The structure and the position of both IPPs and independent water and power providers (IWPPs) is fairly well established in Saudi Arabia. According to the most recent available figures from ECRA, four IPPs had a 10% share of installed power generation capacity in 2017, while three IWPPs contributing an additional 5% of capacity. Furthermore, the four IWPPs operating at the end of 2017 contributed 28% of the total installed water desalination capacity.
In December 2018 Riyadh-based energy investment company ACWA Power and domestic industrial conglomerate Saudi Brothers’ Commercial Company were awarded the contract to develop Rabigh 3, which will be the world’s largest desalination plant when complete. The state-owned Water and Electricity Company has agreed to purchase output of 600,000 cu metres per day at a price of $0.53 per cu metre from the facility, which is being developed under a 25-year, build-own-operate contract.
While progress is being made to stimulate greater activity in the utilities market, some obstacles are still in place for the ongoing process of liberalisation. If feedstock prices are to rise to market levels, power stations and desalination plants could also see their costs rise – and so, too, would many of Saudi Arabia’s heavy industries such as those manufacturing petrochemicals and steel. The reform process and resulting feedstock price increases could face opposition from partially state-owned enterprises in these sectors. In addition, some international credit ratings agencies have highlighted that the proposed restructuring of SEC may have negative implications for the utility’s existing debts and credit position.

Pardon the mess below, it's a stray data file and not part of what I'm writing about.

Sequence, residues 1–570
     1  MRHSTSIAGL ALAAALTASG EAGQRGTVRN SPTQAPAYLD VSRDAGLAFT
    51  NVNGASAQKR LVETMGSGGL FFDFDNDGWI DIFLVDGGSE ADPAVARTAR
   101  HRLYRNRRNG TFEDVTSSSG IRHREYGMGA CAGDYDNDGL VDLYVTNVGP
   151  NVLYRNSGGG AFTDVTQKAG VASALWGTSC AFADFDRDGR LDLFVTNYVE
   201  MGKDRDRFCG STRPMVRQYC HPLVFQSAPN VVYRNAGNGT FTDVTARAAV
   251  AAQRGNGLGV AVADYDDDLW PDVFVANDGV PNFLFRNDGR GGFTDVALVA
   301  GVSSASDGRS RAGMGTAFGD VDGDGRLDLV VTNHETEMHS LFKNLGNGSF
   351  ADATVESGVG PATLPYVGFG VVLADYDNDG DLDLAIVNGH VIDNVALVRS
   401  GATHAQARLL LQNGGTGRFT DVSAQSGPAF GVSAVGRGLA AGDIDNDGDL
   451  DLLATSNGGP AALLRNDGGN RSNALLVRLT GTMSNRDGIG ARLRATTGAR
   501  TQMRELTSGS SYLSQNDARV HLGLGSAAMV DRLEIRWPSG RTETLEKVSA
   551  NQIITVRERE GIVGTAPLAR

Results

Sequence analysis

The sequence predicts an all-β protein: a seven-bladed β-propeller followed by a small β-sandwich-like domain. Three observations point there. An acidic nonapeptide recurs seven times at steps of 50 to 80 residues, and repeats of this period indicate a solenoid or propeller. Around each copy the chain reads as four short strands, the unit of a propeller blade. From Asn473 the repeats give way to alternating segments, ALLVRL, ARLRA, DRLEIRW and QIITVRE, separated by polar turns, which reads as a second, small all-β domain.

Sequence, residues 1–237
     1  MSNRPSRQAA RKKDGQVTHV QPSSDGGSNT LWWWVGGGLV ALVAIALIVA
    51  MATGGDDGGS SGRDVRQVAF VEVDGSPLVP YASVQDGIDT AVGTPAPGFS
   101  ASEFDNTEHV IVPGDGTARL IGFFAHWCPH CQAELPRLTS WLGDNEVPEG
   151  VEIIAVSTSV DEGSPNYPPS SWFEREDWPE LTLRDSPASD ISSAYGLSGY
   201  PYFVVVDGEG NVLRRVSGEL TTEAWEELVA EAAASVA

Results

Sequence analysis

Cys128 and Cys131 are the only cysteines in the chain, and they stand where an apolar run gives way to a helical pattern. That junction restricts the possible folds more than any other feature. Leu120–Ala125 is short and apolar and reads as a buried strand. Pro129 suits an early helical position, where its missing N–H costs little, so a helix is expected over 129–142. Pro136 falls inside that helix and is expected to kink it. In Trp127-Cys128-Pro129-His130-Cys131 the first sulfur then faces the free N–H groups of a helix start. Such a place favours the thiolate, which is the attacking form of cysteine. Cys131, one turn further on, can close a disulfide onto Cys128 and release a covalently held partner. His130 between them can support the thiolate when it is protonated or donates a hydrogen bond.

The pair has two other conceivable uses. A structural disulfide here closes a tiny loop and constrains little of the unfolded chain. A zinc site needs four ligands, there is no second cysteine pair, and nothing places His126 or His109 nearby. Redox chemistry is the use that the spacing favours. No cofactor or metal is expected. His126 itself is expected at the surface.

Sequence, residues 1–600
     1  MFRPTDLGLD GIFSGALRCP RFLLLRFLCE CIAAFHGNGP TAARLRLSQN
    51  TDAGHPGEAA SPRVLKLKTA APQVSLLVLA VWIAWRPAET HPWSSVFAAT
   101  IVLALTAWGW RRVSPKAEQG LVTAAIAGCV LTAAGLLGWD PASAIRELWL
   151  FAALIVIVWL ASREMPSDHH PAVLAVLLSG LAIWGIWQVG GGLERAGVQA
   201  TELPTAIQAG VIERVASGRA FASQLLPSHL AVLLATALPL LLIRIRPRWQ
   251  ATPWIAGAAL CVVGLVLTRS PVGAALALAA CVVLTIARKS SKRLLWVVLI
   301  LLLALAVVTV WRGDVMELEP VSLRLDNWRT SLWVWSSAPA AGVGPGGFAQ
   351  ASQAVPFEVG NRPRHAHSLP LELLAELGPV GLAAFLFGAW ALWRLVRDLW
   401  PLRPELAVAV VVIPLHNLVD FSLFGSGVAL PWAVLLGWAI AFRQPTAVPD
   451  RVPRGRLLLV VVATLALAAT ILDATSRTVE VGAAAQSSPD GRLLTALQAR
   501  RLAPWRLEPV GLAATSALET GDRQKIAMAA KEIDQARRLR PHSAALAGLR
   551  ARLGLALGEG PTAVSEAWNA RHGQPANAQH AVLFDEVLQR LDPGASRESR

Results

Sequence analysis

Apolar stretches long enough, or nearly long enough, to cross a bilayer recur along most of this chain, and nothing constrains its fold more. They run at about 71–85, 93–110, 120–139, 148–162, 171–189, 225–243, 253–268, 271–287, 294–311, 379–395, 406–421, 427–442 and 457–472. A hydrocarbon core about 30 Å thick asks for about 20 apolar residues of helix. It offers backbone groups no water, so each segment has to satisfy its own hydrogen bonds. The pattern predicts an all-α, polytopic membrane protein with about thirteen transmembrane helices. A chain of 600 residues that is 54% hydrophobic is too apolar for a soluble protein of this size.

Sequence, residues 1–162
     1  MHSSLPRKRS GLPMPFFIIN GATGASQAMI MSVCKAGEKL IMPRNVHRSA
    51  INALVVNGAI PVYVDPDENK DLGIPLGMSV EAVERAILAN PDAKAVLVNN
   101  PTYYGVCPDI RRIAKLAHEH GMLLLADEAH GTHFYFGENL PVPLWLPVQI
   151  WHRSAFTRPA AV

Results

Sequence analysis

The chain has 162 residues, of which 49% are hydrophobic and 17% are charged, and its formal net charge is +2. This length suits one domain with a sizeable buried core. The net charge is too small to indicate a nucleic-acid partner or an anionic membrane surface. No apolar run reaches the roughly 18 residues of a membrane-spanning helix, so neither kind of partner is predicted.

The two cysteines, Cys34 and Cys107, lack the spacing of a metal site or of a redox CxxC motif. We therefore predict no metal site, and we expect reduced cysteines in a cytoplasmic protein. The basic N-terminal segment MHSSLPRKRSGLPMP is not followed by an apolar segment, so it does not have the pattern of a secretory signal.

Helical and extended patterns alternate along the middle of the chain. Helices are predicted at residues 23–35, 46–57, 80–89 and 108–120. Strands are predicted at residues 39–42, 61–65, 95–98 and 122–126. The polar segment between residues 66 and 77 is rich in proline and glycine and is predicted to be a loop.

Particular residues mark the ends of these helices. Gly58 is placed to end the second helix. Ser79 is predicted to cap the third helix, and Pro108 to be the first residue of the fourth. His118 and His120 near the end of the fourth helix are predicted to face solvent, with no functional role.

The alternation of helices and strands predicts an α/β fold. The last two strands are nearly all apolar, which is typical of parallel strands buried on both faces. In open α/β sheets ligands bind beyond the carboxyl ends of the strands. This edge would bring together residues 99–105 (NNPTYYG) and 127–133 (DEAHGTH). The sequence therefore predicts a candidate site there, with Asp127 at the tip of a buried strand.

In June 2018 Standard & Poor’s (S&P) affirmed the “A-” credit rating of SEC, but identified their credit ratings outlook as poor, stating that there was a one-in-three chance of a downgrade in the following one to two years given that structural changes to SEC would lower the likelihood of direct government support and contribute to the utility’s less dominant role in the Kingdom’s energy system. S&P further stated that the removal of subsidies combined with the increase in electricity tariffs could put downward pressure on demand as consumers in the country begin to use power more efficiently.